Generally speaking, shorter forms create a better user experience and increase the likelihood a user will complete it. In one case study, an 11-field form saw a 120% increase in completions when it was reduced to four fields.

conditional logical form

Image: unbounce.com

It’s still important to keep your forms as simple as possible so you don’t overwhelm your users. You don’t want your users to stare at your forms and think, “Why do they need this?”

That means…

  • Don’t ask for any information you don’t need.
  • Don’t ask for information you don’t need right away.
  • Don’t ask for anything you could easily learn on your own.
  • Avoid asking for anything your users don’t know off the top of their head.

That said, there are some exceptions. Removing fields doesn’t always increase conversions. It’s always important to A/B test your forms to discover what works best for your audience.

2. Indicate the Fields’ Requirements

Don’t assume your users will know a form is required just because it pops up. They may see the new field, but ignore it because they don’t think it’s necessary. Besides, a form error message puts a cramp in the whole user experience.

If a conditional field is required, mark it as such in your form editor so your users know what you expect and you get the information you need.

3. Relate Conditional Fields to Their Trigger Fields

This should go without saying, but we’ve seen it before so it’s worth mentioning.

The field that triggers a conditional field to appear or hide should clearly relate to that conditional field.

For instance, if users click a checkbox next to “Subscribe to the newsletter,” it would be smart to set conditional logic to display a field with options for different kinds of email content or sending times.

But if they agree to receive your newsletter, it wouldn’t make sense to display a field that asks for something seemingly irrelevant, like their dog’s name or their favorite hobby.

You may have perfectly good reasons for asking for this obscure information, but if your user doesn’t understand why you need it, there’s a good chance they won’t supply it.

Conditional Logic in Gravity Forms

With Gravity Forms, using conditional logic is straightforward and easy. You can create rules to display or hide a drop down, checkbox, single line of text, or multiple choice field.

In the form editor, create all the fields your form requires. For instance, you might create a drop down field for the question “Would you like ice cream?” with options for YES and NO, as well as a checkbox field with different flavors of ice cream.

To add conditional logic to a field, open that field in the form editor and select the “Advanced” tab. At the bottom, click the checkbox next to “Enable Conditional Logic.” More options will appear.

conditional logical form

Adjust the options to create a rule for the field. In the case of the ice cream example, you want the checkboxes of flavors to display only if the user answers YES to “Would you like ice cream?”

So you would create a rule like this:

Show this field if all of the following match: Would you like ice cream? is YES.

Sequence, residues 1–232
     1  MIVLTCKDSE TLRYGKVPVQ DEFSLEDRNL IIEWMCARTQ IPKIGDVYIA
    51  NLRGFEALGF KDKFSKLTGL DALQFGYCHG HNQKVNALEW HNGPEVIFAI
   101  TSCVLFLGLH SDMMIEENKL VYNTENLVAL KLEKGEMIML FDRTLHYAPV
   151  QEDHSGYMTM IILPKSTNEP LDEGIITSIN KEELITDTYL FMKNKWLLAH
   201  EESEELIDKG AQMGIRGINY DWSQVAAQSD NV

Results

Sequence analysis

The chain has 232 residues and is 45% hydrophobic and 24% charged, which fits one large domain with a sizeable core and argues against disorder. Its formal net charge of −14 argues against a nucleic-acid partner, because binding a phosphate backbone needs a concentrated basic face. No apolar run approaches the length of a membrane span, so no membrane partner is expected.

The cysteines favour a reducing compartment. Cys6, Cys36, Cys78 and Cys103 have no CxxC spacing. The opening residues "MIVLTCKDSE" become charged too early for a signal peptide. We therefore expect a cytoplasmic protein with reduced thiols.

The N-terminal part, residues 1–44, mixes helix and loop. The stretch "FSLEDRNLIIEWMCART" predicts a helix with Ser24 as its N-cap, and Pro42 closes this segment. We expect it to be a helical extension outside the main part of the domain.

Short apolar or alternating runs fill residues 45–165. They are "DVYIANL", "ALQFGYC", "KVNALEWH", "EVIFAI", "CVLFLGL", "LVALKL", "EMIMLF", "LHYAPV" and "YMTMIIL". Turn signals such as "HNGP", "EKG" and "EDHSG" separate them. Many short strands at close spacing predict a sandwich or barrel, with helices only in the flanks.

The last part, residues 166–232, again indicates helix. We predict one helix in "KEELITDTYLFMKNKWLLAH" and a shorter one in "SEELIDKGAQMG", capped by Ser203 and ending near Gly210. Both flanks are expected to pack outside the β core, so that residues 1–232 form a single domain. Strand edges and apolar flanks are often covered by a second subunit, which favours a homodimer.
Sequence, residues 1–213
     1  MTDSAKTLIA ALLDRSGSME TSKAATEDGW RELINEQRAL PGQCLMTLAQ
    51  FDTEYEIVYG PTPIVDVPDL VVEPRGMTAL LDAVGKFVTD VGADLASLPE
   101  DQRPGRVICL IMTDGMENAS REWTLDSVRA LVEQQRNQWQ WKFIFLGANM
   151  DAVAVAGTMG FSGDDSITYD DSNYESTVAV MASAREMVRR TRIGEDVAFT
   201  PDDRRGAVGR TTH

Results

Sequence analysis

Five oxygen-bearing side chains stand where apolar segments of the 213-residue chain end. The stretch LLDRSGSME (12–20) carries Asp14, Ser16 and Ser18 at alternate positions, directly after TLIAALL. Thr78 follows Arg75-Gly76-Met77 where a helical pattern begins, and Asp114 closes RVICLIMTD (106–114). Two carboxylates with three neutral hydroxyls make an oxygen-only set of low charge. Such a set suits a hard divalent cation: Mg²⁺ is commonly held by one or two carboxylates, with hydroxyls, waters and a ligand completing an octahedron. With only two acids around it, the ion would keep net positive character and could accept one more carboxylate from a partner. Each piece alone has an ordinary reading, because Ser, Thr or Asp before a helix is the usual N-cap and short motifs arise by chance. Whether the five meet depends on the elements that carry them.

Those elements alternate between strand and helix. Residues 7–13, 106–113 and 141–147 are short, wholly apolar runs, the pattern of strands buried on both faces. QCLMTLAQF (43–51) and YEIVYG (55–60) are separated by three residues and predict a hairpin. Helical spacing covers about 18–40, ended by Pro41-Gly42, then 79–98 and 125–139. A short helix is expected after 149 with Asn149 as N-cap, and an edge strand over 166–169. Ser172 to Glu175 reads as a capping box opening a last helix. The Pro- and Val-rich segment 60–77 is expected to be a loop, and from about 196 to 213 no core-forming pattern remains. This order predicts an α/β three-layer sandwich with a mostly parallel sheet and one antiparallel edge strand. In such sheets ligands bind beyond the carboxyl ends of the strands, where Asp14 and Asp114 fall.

You can apply conditional logic to your fields even if you span the form across separate sections and pages.

If you’re still confused as to how to set up conditional logic with Gravity Forms, check out this great tutorial video by Kori Ashton.

Play around with the conditional logic rules to discover unique ways to customize your forms.

For more information, read our documentation guide.

Grab your free reference guide on when you should conditional logic in your forms.

Click Here

Final Thoughts

If building conditional logic into your forms seems difficult, don’t worry. You’ll get the hang of it in a few moments, even if you use a different forms provider.

That said, don’t create conditional fields if your forms don’t need them. We think the technology is cool too, but it’s best to leave your forms as simple as possible. If a conditional field doesn’t make sense in your form, don’t use it.

Conditional logic is a useful way to create simple and personalized forms that respect the user experience. If use them smartly, you’ll build high-converting forms your users love.

 

Gravity Forms Bulletin If you want to keep up-to-date with what’s happening on the blog sign up for the Gravity Forms newsletter!

  • Email*

    Ingrese correo electrónico Confirm Email

  • Privacy*
    • I agree with the storage and handling of my data by this website. – Privacy Policy *
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Enabling Conditional Logic For A Field

  • Introducción
  • Ejemplo básico de lógica condicional
  • Ejemplo de lógica condicional usando secciones
  • Limitaciones
  • Actuación

Introduction

The Enable Conditional Logic option in the field settings allows you to create rules to dynamically display or hide the field based on values from another field. In order to use conditional logic, you will need to add a field to your form which supports conditional logic.

conditional-logic1-1024x464

After enabling conditional logic for a field, you will have the option to show or hide the field depending on whether all/any of the conditions you specify are met. You can specify additional conditions by clicking the plus icon to right of the conditions. Clicking the minus sign will remove the corresponding condition.

Basic Conditional Logic Example

conditional logique account id

In this example, we will use conditional logic to show different products based on a parent category. A dropdown field will determine what products may be purchased based on the current selection.

conditional-logic-auto1

  1. Primero, configure sus campos. Como usaremos un menú desplegable para manejar la visualización de varios productos, comience creando un solo menú desplegable , algunos campos de productos y un campo total para mostrar el total del pedido. En este ejemplo, hemos creado 3 opciones diferentes dentro del menú desplegable para Jeep, Ford y Honda, así como campos de productos como Wrangler, Cherokee y Mustang.